Labour peer Lord Ashley, 89, dies
Disabled rights campaigner Lord Ashley of Stoke has died aged 89.
The former Labour MP for Stoke-on-Trent died on Friday night after a short battle with pneumonia, his family said.
Jack Ashley represented the city for 26 years until he was made a Labour peer in 1992. He was deaf for most of his political career.
Labour leader Ed Miliband described him as "an extraordinary campaigner for equal rights for people with disabilities".
BBC presenter Andrew Marr, who is married to the peer's columnist daughter Jackie Ashley, said he had also won major victories "for the victims of the drug Thalidomide, for victims of Army bullying, and for victims of domestic violence".
Jane Ashley paid tribute to her father via Twitter saying: "RIP Dad - my wonderful father, Jack Ashley, Lord Ashley of Stoke, who was so loved and inspired so many people."
Born in Widnes, Lord Ashley was elected as an MP in 1966 after having worked as a BBC journalist.
Two years later he lost his hearing following an unsuccessful ear operation.
He prepared to resign his seat, but after a crash-course in lip-reading he was able to continue to serve in the House of Commons.
"Early on when I first lost my hearing, I think people were a little fearful about attacking me," he said.
"But as I re-established my confidence, that soon fell away."
Mr Miliband said: "Jack Ashley turned his own tragic experience of losing his hearing into a mission of courage and determination for deaf and disabled people.
"There are many millions of men and women with disabilities who will have better lives thanks to Jack Ashley.
"He succeeded in changing the law and in changing attitudes. Anti-discrimination legislation for people with disabilities would not have happened when it did without his tenacity, his campaigning and his support.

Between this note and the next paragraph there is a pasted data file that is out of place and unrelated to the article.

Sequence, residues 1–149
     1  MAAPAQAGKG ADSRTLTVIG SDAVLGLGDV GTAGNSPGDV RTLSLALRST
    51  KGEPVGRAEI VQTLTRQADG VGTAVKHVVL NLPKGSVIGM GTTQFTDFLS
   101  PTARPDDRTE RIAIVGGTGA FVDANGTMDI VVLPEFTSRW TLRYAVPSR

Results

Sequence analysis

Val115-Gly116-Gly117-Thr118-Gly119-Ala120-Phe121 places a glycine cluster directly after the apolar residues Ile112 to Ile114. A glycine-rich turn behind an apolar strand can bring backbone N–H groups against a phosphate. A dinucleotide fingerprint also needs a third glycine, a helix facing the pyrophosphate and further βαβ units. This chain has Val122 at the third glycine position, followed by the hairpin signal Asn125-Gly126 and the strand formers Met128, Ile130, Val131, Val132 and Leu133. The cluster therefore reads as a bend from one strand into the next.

"Jack Ashley will be missed by his family, his friends and his colleagues in the House of Lords. He led an amazing life and will be remembered with deep affection, profound respect and great admiration."
Prime Minister David Cameron said he was saddened to hear about Lord Ashley's death.
"He was a tireless campaigner for disabled people and had a huge impact, not just through his charity work and pushing for legislation in Parliament, but also in changing attitudes," he said.
"It takes characters like Jack, with his extraordinary tenacity, to push for that kind of positive change. He will be sorely missed and my thoughts and prayers are with his family."
Lord Ashley had also been president of the Royal National Institute for the Deaf.
Now renamed Action on Hearing Loss, the charity's chief executive Jackie Ballard described him as "a great role model".
"Jack never stopped working for what he believed in right up until his death and would always speak up on behalf of people who are deaf or disabled," she added.
"He was a tireless campaigner and there are many people in this country who have a lot to thank him for."
Dame Anne Begg MP, the first permanent wheelchair user to be elected to the Commons, described Lord Ashley as "a trailblazer who made it possible for me to even think I could be an MP".
Tristram Hunt, Labour MP for Stoke Central, said: "Everyone in Stoke-on-Trent remembers him as a great ambassador for the city and an inspirational fighter for people with disabilities."
Labour MP Rob Flello, who currently holds Lord Ashley's Stoke-on-Trent South seat, said he was still remembered with great affection in the area and the local Labour party would find a way of marking his life.